Editor’s Note: This post is by Paul Slezak, Cofounder and CEO of RecruitLoop – the World’s largest marketplace of expert Recruiters and Sourcers available on-demand.Writing a job ad is just like writing any advertisement. You need to know your target audience, address them in the language they understand and offer them what they want.
There’s nothing worse than writing an ad for a position you are hoping to fill, posting it online or even running it in a local paper (yes … believe it or not this does still happen!) and then either not receiving any responses at all, or perhaps worse still, being inundated with applications from people who are completely not suitable for the role.
Improving the quality (as opposed to quantity) of your response starts by having a well-written advertisement (often the first impression a candidate has of your organisation) that is really going to target the appropriate audience.
Exactly who is your target audience? What are they doing now? What steps are they taking to look for a new opportunity?
Your job ad needs to speak directly to them. Otherwise you seriously may as well roam the streets like a 19th Century town crier calling out to every man and his dog in the hope that someone hears you.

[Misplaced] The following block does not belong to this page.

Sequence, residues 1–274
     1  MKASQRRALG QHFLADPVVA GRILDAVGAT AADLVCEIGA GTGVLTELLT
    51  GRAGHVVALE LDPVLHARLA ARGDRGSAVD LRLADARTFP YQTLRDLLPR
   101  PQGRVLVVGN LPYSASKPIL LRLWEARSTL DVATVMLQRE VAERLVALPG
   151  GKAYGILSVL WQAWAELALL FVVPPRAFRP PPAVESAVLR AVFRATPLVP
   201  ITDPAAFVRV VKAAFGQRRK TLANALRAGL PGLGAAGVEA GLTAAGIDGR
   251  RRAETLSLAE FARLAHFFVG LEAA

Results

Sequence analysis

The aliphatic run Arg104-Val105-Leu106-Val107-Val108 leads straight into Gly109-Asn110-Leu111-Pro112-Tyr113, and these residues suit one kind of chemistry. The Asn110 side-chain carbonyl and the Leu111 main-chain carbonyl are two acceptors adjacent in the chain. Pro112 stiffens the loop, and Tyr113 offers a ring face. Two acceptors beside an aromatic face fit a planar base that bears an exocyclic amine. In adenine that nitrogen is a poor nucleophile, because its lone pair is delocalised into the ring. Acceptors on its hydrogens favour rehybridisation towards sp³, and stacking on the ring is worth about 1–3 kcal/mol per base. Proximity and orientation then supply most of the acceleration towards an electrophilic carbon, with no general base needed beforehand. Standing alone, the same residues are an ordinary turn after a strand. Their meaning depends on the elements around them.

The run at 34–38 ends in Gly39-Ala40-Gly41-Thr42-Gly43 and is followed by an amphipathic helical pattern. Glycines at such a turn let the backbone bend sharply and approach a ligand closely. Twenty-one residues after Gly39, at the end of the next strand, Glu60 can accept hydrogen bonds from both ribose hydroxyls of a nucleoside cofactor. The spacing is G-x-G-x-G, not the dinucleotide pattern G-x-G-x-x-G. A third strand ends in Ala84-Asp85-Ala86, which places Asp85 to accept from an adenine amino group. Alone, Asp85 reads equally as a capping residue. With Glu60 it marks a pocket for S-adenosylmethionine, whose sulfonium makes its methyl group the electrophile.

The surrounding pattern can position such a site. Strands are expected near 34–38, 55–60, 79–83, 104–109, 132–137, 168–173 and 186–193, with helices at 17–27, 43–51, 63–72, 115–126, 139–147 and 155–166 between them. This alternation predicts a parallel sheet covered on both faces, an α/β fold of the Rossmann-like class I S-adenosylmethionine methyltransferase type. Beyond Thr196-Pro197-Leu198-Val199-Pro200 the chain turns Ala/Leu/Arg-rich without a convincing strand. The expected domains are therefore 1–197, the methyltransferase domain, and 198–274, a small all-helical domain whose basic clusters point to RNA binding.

An effective job ad is not just a job description. It is a carefully crafted message with the aim of attracting the best qualified candidates for your job.
Think of your job ad like a funnel where initially you are casting the net out wide to a broad audience. Then, as the readers make their way through your carefully crafted advertisement, they are either self-ejecting from the process or they are mentally ticking all the boxes because they can actually picture themselves in the role. In the end you really only want a handful of suitable candidates to apply.
What are the key steps to writing a compelling job ad?
Here are some ways to sharpen the focus of your ad, to the point where it only draws in the most qualified candidates:
This will allow candidates to compare what is required with their own skills and experience and discourage those not qualified from applying. The job title (headline) has to be very clear and should in no way deceive or mislead the reader.
You should also try to incorporate three bullet points containing the “punchiest” (eye catching) benefits or incentives associated with the job. Salary (if it’s within or above market rate) is always a good one. Similarly whether there is on site parking available, the ability to work from home, or proximity to public transport will also grab the reader’s attention. You might even include something along the lines of “modern office; stunning harbour views; team lunch provided every Friday”.
Provide a salary range. If it’s not in their ball park, they won’t waste their time and yours by applying.
You also need to clearly articulate whether there are any essential qualifications, desirable skills, or any other “nice to haves” in terms of previous experience required in the role.